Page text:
Endoscopy 2011; 43(4): 300-306
DOI: 10.1055/s-0030-1256110
Original article

© Georg Thieme Verlag KG Stuttgart · New York

Urgent endoscopy is associated with lower mortality in high-risk but not low-risk nonvariceal upper gastrointestinal bleeding

L.  G.  Lim1 , K.  Y.  Ho1 , Y.  H.  Chan2 , P.  L.  Teoh3 , C.  J.  L.  Khor1 , L.  L.  Lim1 , A.  Rajnakova1 , T.  Z.  Ong4 , K.  G.  Yeoh1
  • 1Department of Gastroenterology and Hepatology, National University Health System, Singapore
  • 2Biostatistics Unit, National University Health System, Singapore
  • 3Health Research Services, National University Health System, Singapore
  • 4KPJ Kajang Specialist Hospital, Kajang, Selangor, Malaysia
Further Information

Publication History

submitted 31 March 2010

accepted after revision 5 September 2010

Publication Date:
28 February 2011 (online)

Background and study aims: The role of urgent endoscopy in high-risk nonvariceal upper gastrointestinal bleeding (NVUGIB) is unclear. The aim of this study was to determine whether esophagogastroduodenoscopy (EGD) performed sooner than the currently recommended 24 h in high-risk patients presenting with NVUGIB is associated with lower all-cause in-hospital mortality.

Methods: All adult patients undergoing EGD for the indications of coffee-grounds vomitus, hematemesis or melena at a university hospital over an 18-month period were enrolled. Patients with variceal and lower gastrointestinal bleeding were excluded. Data were prospectively collected.

Results: A total of 934 patients were included. The area under the receiver operating characteristic curve (AUROC) for the Glasgow-Blatchford score (GBS) was 0.813 for predicting all-cause in-hospital mortality, with a cut-off score of ≥ 12 resulting in 90 % specificity. In low-risk patients with GBS < 12, presentation-to-endoscopy time in those who died and in those who survived was similar. In high-risk patients with GBS of ≥ 12, presentation-to-endoscopy time was significantly longer in those who died than in those who survived. Multivariate analysis of the high-risk cohort showed presentation-to-endoscopy time to be the only factor associated with all-cause in-hospital mortality. For high-risk patients, the AUROC for presentation-to-endoscopy time in predicting all-cause in-hospital mortality was 0.803, with a sensitivity of 100 % at the cut-off time of 13 h. All-cause in-hospital mortality in high-risk patients was significantly higher in those with presentation-to-endoscopy time of > 13 h compared with those undergoing endoscopy in < 13 h from presentation (44 % vs. 0 %; P < 0.001).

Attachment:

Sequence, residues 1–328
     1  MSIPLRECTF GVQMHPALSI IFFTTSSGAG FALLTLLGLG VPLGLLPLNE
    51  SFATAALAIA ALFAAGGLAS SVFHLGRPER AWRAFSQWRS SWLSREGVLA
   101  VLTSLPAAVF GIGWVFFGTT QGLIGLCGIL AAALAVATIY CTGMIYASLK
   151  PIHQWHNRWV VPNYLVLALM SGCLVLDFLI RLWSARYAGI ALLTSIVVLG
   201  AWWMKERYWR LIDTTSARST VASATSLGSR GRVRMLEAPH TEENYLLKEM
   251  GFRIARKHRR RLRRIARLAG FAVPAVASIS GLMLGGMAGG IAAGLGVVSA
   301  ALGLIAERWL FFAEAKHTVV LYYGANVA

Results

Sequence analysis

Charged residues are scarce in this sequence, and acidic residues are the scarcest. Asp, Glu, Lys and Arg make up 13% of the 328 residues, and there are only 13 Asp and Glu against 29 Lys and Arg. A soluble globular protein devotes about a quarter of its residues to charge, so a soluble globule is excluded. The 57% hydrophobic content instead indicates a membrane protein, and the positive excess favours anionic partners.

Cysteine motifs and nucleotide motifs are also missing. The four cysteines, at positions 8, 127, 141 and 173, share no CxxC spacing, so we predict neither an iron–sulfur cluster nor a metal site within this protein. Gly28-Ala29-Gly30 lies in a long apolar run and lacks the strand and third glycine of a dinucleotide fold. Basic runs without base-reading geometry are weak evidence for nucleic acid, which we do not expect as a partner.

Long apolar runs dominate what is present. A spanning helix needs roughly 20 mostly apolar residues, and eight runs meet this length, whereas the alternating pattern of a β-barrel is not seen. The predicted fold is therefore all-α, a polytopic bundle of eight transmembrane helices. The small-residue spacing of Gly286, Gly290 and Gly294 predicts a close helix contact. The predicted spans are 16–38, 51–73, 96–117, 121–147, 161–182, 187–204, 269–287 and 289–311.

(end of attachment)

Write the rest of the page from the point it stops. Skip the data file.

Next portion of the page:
Conclusions: Endoscopy within 13 h of presentation was associated with lower mortality in high-risk but not low-risk NVUGIB.


  • 1 Enestvedt B K, Gralnek I M, Mattek N et al. An evaluation of endoscopic indications and findings related to nonvariceal upper-GI hemorrhage in a large multicenter consortium.  Gastrointest Endosc. 2008;  67 422-429
  • 2 Rockall T A, Logan R F, Devlin H B et al. Variation in outcome after acute upper gastrointestinal haemorrhage. The National Audit of Acute Upper Gastrointestinal Haemorrhage.  Lancet. 1995;  346 346-350
  • 3 Rockall T A, Logan R F, Devlin H B et al. Risk assessment after acute upper gastrointestinal haemorrhage.  Gut. 1996;  38 316-321
  • 4 Saeed Z A, Winchester C B, Michaletz P A et al. A scoring system to predict rebleeding after endoscopic therapy of nonvariceal upper gastrointestinal hemorrhage, with a comparison of heat probe and ethanol injection.  Am J Gastroenterol. 1993;  88 1842-1849
  • 5 Blatchford O, Murray W R, Blatchford M. A risk score to predict need for treatment for uppergastrointestinal haemorrhage.  Lancet. 2000;  356 1318-1321
  • 6 Stanley A J, Ashley D, Dalton H R et al. Outpatient management of patients with low-risk upper-gastrointestinal haemorrhage: multicentre validation and prospective evaluation.  Lancet. 2009;  373 42-47